But innovation and adaptation can only go so far. The necessary burdens of the Phase 1 rules do not fall on all businesses equally. Retail stores and personal services seem better positioned to resume more readily than restaurants, which face restrictions that cut painfully close to their profit models. How does a restaurateur make up the customer volume when seating is capped at 50 percent capacity?

“We saw an uptick on Mother’s Day, but our volume is eight to 10 percent of what it used to be,” says Parikh with Mint Indian Bistro. When a reluctant public does eventually come out, a constantly half-full dining room might not keep a restaurant out of the red.

A more blunt warning came from restaurant consultant Elizabeth Blau, CEO of Blau + Associates and owner of Honey Salt restaurant. She was a panelist on a May 14 webinar organized by the Vegas Chamber titled, “Saving Restaurants and Your Safety — Bringing Business Dinners Back.”

“The independent restaurant business is on the precipice of ruin,” she said. “Fifty percent capacity is untenable. I can’t pay my landlord 50 percent. I can’t pay my chef 50 percent.” Blau brought up the stark truism that restaurants operate on thin profit margins to start with, and wondered how long independent restaurants could sustain beneath the Phase 1 rules.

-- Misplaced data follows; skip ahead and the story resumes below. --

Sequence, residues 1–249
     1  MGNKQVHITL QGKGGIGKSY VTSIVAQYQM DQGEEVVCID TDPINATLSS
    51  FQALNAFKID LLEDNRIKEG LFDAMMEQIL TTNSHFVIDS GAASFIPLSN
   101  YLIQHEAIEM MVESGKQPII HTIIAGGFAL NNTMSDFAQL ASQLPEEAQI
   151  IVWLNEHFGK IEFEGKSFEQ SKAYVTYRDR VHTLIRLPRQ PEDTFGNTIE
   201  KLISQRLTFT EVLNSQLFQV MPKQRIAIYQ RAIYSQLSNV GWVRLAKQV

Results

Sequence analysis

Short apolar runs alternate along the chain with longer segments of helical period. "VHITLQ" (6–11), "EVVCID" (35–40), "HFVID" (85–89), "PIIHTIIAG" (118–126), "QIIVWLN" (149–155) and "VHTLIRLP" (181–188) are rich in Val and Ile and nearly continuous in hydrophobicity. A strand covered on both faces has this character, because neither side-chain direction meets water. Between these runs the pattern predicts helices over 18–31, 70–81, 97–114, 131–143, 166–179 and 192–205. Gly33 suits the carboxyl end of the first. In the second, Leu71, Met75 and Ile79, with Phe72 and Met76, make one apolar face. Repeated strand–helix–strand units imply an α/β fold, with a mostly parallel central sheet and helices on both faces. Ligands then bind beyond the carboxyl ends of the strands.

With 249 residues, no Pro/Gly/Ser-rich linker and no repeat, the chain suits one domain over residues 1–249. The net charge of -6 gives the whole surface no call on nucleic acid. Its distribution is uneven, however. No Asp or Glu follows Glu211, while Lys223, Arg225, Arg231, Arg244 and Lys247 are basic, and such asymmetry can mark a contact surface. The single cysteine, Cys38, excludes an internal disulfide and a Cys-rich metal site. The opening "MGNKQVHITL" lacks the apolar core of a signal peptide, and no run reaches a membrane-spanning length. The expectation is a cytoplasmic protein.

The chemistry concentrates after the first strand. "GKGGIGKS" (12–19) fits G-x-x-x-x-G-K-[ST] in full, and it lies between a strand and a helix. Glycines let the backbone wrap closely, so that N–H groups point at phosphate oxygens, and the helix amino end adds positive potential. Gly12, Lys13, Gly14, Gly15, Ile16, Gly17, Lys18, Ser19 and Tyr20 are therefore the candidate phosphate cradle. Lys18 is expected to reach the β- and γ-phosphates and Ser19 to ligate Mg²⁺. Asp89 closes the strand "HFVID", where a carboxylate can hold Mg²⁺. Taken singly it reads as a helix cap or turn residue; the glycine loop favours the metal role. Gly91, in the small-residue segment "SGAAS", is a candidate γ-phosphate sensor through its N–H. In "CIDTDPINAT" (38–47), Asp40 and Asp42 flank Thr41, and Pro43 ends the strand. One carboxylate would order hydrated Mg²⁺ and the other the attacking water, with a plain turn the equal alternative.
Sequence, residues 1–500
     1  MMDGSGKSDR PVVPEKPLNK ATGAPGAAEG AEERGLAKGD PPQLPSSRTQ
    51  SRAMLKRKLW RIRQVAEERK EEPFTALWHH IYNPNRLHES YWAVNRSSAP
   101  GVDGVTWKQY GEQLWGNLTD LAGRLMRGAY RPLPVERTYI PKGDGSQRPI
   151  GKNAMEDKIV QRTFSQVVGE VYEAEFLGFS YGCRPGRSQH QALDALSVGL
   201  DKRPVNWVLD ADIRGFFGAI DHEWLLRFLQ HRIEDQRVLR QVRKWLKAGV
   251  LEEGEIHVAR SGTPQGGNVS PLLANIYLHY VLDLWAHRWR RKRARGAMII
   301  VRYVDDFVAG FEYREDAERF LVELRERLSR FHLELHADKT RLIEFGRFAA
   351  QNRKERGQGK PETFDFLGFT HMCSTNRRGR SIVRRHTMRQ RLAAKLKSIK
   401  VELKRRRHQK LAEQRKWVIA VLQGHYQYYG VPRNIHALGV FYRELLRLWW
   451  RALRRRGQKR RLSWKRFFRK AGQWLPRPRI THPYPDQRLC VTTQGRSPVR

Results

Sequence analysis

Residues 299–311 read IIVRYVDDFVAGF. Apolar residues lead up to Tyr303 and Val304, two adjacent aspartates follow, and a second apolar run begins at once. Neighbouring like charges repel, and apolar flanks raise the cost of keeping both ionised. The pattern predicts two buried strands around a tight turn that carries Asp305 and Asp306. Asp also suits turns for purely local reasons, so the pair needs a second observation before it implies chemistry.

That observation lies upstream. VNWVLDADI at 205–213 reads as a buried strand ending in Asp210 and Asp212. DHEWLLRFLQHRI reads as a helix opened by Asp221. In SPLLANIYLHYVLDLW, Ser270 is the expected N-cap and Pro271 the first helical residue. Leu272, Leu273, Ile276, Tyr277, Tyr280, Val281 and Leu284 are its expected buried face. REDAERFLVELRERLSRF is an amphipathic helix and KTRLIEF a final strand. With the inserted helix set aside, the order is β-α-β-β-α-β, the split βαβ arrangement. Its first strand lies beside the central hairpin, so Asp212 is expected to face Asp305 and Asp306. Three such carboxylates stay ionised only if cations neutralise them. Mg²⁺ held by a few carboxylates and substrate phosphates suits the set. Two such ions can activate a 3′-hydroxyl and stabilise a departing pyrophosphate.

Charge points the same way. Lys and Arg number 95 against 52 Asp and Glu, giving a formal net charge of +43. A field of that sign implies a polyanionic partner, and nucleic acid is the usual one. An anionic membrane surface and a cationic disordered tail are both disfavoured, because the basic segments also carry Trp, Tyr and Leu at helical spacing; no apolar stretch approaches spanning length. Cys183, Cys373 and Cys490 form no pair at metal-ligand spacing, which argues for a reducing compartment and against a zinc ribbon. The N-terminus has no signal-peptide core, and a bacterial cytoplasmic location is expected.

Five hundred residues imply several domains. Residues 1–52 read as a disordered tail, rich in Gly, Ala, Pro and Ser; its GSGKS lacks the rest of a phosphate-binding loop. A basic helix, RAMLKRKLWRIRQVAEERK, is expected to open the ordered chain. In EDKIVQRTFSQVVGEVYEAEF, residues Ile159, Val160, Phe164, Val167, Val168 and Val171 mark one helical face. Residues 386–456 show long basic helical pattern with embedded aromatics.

Many independent restaurants can’t afford to wait, but it may be a waiting game anyway. According to a May 7 Review-Journal poll that asked people how comfortable they are visiting a restaurant, movie theater, or casino after restrictions are lifted, 48 percent said they’d be “somewhat uncomfortable” or “very uncomfortable,” while 42 percent said they’d be “somewhat comfortable” or “very comfortable.” Nationally, that discomfort is more pronounced. According to an early April Gallup poll, 70 percent of respondents said they would “wait to see what happens with the coronavirus before resuming” normal activities after reopening. 

Then again, maybe all it takes is a little reassurance. Jennifer Polito, a local professional who owns Jenerate PR, might be a textbook example of the wait-and-see consumer who was still sheltering in place — and then was persuaded to dine out.

“During the shutdown, (my husband and I) were very diligent about wearing face masks, we limited our interactions, had our groceries delivered and did food delivery or pickup when we wanted to eat out,” she says. 

But when she heard The Capital Grille in the Fashion Show Mall reopened, she booked a reservation for May 11. The dinner was everything she’d hoped — not just the food and the service, but the protocol. “Everyone was very observant of hygiene — wiping down surfaces, wearing masks, spacing diners out. It all felt very comfortable.”

And best of all, the sparsely populated dining room meant she and her husband got one of the best tables in the house — by a window overlooking the Strip.

As a longtime journalist in Southern Nevada, native Las Vegan Andrew Kiraly has served as a reporter covering topics as diverse as health, sports, politics, the gaming industry and conservation. He joined Desert Companion in 2010, where he has helped steward the magazine to become a vibrant monthly publication that has won numerous honors for its journalism, photography and design, including several Maggie Awards.